There are at least two ways to look at this question.
First, we can look at the technical steps one must take to become president. A person must declare their candidacy for the presidency. Then (for the people who have any shot at becoming president) there is the primary election. Each candidate must vie to be selected by one of the two major parties as that party’s candidate. Next comes the general election. The winning candidate needs to win a majority of the electoral votes cast.
Second, we can look at this as a question about what a person has to accomplish in order to be a credible candidate for the presidency. Here, the answer is less clear. Four of the last six presidents (Carter, Reagan, Clinton, George W. Bush) have been governors before they became president. It is believed to be important to have that sort of executive experience in order to be president. If you have not been a governor, you at least need to have been in high office. No president outside of Dwight Eisenhower in the last 100 years has made it to that office without having been in high office before.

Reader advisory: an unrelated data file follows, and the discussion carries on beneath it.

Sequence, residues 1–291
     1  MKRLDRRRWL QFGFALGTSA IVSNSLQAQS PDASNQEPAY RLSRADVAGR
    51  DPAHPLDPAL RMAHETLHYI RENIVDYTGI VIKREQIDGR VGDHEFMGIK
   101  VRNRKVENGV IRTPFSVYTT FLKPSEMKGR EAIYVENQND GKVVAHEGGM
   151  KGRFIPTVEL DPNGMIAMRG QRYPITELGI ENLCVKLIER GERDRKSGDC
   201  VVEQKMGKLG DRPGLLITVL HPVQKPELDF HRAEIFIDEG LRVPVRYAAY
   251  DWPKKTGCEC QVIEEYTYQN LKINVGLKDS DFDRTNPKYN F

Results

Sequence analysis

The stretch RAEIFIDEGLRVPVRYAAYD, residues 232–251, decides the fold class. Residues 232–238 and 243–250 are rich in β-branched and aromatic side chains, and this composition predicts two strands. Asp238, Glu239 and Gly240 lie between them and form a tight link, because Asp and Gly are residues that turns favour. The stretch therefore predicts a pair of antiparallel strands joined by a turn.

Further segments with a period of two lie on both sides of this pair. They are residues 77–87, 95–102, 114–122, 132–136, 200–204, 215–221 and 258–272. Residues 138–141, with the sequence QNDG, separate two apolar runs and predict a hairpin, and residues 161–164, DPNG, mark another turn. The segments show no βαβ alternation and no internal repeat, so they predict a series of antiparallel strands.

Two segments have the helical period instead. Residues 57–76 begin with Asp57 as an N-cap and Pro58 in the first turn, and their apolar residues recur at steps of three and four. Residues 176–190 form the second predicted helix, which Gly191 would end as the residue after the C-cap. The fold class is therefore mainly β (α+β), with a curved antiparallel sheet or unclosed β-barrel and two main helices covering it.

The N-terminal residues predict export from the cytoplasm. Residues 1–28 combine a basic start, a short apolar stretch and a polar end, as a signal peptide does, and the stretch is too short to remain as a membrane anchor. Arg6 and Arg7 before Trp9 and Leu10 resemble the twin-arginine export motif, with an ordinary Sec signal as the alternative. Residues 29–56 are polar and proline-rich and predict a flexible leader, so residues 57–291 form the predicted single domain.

Outside of that, it is an issue of having two things. First, you need to have some amount of charisma that makes people think that you will be able to get elected and do a good job. This allows you to raise enough money to do the second thing. The second thing is to have a really good organization that can help you to identify people who might vote for you and persuade them to actually do so.
This is, of course, a terribly truncated discussion of all of the factors that go into becoming president, but the basic idea is that you have to have some combination of fame, charisma, and organization to become president.